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Nicole Cooley




On the train to New Orleans my sister and I

light the Virgen de Guadalupe candles

and the line of unlucky women steps out from the flame.


They file past at the window where we sit,

where we have given up being safe from them,

our four aunts with their loose dresses for mourning,


their fasting, their silent refusals.  These women loved

their grief like the bread they would not let themselves eat,

like the children they would not allow into their bodies.


We know their unspoken lesson—take nothing

into the body.  We know they will wait for us,

a line of dolls cut from the same sheet of butcher paper,


the sister of this family linked by their hands and alone.

One mile into Mississippi, the train passes a statue

of blue-robed Mary in someone else’s yard, bathtubs leaning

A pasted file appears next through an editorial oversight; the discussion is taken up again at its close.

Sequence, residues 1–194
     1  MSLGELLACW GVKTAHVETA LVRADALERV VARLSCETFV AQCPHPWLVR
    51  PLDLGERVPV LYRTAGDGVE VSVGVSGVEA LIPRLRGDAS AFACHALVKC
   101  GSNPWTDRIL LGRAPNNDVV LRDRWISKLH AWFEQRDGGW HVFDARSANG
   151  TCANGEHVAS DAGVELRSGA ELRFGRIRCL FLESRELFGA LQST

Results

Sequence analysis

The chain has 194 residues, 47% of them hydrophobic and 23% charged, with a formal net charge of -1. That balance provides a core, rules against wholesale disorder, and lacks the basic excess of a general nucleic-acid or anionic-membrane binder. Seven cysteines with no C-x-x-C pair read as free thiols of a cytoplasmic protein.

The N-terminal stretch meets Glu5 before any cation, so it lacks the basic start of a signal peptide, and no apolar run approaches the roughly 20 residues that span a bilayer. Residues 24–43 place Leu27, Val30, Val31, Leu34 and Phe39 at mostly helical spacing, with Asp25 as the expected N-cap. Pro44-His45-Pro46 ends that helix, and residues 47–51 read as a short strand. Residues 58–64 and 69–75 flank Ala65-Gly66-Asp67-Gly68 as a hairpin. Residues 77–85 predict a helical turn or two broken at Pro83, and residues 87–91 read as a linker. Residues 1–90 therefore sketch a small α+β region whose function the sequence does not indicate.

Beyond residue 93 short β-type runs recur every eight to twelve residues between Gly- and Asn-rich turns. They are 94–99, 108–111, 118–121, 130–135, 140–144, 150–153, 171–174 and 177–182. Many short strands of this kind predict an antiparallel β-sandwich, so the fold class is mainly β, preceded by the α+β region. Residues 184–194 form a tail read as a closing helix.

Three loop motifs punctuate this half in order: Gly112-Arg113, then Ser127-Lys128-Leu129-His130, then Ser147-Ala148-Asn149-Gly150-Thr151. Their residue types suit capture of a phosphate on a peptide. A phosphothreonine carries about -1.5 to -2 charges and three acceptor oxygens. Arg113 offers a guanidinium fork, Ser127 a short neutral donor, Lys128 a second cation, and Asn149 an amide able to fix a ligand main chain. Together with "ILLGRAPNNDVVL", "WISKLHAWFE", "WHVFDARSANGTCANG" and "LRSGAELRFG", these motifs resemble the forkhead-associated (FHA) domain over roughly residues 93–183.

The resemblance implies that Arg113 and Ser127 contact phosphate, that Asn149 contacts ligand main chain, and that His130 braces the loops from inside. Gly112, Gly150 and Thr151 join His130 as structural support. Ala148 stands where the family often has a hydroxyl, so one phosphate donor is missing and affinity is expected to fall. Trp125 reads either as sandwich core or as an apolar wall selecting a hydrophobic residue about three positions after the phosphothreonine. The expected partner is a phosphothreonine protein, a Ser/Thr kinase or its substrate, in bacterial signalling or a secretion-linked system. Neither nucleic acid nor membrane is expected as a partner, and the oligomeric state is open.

against the wire fence.  I place us there.  With relief,

I lower each of us into the bath, into the crystal salts.

Oil pools on the surface of the water.  Sulfur is staining our skin.


The train drags on across the tracks, away from us,

leaving us in our own story.  My first aunt looks down

at the flat pan of her pelvis, strung tight between hipbones


she’ll never touch.  She likes her body empty and clean.

Coaxing her into the tub, we preach the virtues of this water,

its power to wash away sin.  The second one taps


her cigarette ash on the grass and blows smoke at the sky

while we plead with her about drowning,